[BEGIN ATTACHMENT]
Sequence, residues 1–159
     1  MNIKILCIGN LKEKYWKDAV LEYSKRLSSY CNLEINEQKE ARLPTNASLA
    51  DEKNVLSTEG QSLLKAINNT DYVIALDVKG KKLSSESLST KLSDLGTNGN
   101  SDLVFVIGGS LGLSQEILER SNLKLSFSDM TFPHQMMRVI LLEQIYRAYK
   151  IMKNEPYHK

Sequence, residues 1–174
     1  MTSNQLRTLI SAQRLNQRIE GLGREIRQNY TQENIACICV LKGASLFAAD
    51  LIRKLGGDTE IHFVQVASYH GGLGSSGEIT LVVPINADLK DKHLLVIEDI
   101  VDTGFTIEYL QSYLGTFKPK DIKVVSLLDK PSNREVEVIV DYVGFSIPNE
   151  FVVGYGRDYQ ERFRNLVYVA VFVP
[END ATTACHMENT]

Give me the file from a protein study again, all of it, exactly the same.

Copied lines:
Sequence, residues 1–159
     1  MNIKILCIGN LKEKYWKDAV LEYSKRLSSY CNLEINEQKE ARLPTNASLA
    51  DEKNVLSTEG QSLLKAINNT DYVIALDVKG KKLSSESLST KLSDLGTNGN
   101  SDLVFVIGGS LGLSQEILER SNLKLSFSDM TFPHQMMRVI LLEQIYRAYK
   151  IMKNEPYHK

Sequence, residues 1–174
     1  MTSNQLRTLI SAQRLNQRIE GLGREIRQNY TQENIACICV LKGASLFAAD
    51  LIRKLGGDTE IHFVQVASYH GGLGSSGEIT LVVPINADLK DKHLLVIEDI
   101  VDTGFTIEYL QSYLGTFKPK DIKVVSLLDK PSNREVEVIV DYVGFSIPNE
   151  FVVGYGRDYQ ERFRNLVYVA VFVP